Accounting profit (also called pretax income) is its income before taxes calculated in line with accounting standards. Taxable income is the income calculated in accordance with tax laws.
Since accounting standards and tax laws may treat transactions differently, accounting profit is typically different than taxable income. Such differences may arise when:
- Revenues and expense may be recognized in one period for accounting purposes and a different period for tax purposes;
- Some revenue and expense items may be recognized under accounting standards but might be disallowed under tax laws, and vice versa.
- Tax laws might allow carry forward of prior-year tax losses, etc.
Income tax payable is based on taxable income. Income tax paid may be lower or higher than income tax payable due to the existence of advance payments or refunds. Since taxable income differs from accounting profit, income tax payable differs from the amount that would be due in taxes had the company applied the tax rate to its accounting profit.
As the matching concept requires companies to recognize expenses in the period in which the associated revenue is recognized, companies must recognize a deferred tax asset or liability to the extent of any difference between income tax payable and accrual-equivalent tax due on accounting profit.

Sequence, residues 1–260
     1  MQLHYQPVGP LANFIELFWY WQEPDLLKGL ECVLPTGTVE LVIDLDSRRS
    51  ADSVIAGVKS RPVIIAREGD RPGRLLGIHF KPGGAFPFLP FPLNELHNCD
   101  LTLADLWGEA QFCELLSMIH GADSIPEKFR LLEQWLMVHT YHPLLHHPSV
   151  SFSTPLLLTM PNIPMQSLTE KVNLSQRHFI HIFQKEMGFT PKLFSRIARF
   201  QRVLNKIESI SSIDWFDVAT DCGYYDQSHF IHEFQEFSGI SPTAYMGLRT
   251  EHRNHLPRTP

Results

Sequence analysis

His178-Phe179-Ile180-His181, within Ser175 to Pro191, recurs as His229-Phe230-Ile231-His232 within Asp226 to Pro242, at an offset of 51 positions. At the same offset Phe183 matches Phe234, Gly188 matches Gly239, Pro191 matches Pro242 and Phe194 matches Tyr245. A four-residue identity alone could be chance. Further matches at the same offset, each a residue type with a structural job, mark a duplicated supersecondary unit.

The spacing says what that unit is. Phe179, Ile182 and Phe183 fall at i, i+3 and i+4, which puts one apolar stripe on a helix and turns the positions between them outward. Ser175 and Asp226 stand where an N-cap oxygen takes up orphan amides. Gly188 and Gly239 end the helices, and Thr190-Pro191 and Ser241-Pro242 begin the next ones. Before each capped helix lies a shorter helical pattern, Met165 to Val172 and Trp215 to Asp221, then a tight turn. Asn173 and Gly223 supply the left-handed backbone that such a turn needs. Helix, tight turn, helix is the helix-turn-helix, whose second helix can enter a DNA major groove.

Income tax expense during a period is the sum of any income tax payable and any change in deferred tax assets and liabilities. The tax base of an asset or liability is the amount at which it is value for tax purposes, and the carrying amount is its financing-accounting equivalent book value. Differences between the tax base and carrying amount also result in differences between taxable income and accounting profit.
Current tax assets and liabilities
A company’s current tax liability is the amount payable in taxes with respect to current year taxable income. Any refund of taxes paid in a prior period is recognized as a current tax asset. A current tax liability (or asset) is different from what becomes due in accordance with accounting standards.